law enforcement

Terror Survivors Cite Workers Comp Delays, Denials; Get Pledge of Expedited Care

Responding to complaints of delays and denials of care for terror attack survivors, San Bernardino County Supervisors pledged Monday "to expedite the process," and hire an outside firm to manage it.

During a special meeting added just before Thanksgiving to their calendar, supervisors heard public testimony from survivors of the 2015 terror attack that targeted a meeting of San Bernardino County Environmental Health Workers. Fourteen were slain, and 22 more were wounded and injured.

"I don't think it's right we have to beg for our care," said Sally Cardinale, an employee currently who has been on disability leave much of the past year, suffering from post-traumatic stress, anxiety and depression. She was present at the Dec. 2, 2015 meeting in the Inland Regional Center, but had gone to the restroom only moments before identified terrorists Syed Farook and Tashfeen Malik entered and opened fire with assault rifles. Farook and Malik died hours later in a shoot-out with law enforcement.

Under doctor's advice that returning to office work could be a "trigger" for her symptoms, Cardinale said she offered to work at home, but was told the county, which self-insures workers comp, could not allow such a precedent. In May, she returned to work part-time. Then two months ago, she said, workers comp abruptly cut off approval for her anti-anxiety, anti-depression medication, but later did re-instate it, after her account appeared in media.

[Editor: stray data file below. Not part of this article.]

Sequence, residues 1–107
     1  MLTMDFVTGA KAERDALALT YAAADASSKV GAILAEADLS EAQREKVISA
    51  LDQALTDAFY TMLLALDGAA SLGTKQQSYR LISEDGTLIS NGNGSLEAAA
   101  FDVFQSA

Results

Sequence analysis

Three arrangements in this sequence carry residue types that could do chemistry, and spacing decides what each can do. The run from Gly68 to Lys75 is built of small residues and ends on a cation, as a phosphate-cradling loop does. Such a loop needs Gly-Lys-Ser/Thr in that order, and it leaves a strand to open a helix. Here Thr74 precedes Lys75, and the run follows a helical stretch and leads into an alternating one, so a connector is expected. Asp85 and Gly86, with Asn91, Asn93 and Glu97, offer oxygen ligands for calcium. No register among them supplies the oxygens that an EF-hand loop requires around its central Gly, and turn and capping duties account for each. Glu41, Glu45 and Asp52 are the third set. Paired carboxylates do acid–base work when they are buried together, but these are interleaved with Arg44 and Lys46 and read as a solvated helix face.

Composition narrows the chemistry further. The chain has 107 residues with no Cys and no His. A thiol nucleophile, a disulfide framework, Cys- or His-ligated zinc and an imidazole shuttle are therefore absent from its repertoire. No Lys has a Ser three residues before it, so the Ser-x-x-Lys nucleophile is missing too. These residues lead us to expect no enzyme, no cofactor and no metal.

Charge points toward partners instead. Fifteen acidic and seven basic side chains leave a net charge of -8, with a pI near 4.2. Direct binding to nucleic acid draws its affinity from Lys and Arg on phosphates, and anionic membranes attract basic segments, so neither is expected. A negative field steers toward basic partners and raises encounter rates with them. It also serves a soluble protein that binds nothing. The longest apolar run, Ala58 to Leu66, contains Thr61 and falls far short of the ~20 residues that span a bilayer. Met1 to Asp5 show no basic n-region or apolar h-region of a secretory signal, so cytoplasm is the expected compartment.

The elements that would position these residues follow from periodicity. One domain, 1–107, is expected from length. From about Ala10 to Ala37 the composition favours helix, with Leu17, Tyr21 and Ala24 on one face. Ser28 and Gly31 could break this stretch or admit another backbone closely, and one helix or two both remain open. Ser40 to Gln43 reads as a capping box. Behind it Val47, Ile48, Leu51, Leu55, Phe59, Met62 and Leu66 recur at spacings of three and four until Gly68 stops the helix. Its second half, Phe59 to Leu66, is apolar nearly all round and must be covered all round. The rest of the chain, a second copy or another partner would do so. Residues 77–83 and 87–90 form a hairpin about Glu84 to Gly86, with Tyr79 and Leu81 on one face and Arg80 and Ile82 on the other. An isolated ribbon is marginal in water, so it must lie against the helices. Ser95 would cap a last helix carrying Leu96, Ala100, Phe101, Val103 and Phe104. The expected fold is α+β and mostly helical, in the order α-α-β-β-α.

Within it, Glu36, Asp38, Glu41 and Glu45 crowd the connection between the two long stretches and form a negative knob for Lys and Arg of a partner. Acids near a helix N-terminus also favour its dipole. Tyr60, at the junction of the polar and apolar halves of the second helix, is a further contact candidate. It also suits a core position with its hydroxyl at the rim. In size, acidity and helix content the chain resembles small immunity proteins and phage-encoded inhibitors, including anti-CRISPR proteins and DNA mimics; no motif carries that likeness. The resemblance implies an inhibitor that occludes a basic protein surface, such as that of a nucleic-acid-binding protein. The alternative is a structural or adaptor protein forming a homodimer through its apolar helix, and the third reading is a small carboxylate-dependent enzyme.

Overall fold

"We just want them to acknowledge that we're victims. That what we're feeling is real, and stop making us feel like it's not," Cardinale said.

Following the hearing, supervisors went into a closed door session, and late afternoon Chairman James Ramos issued a statement on the board's behalf acknowledging the concerns that had been raised and promising steps to "get our people the care they need."

The statement attributed "many of the concerns" to issues with getting supporting documentation from health care providers.

"The county will increase efforts to work with those providers to obtain the documentation needed to move forward with approving treatments," the statement reads in part. "The county will hire a firm whose sole function will be to expedite the process for our employees."

The statement did not identify any particular firm, nor set a target date.

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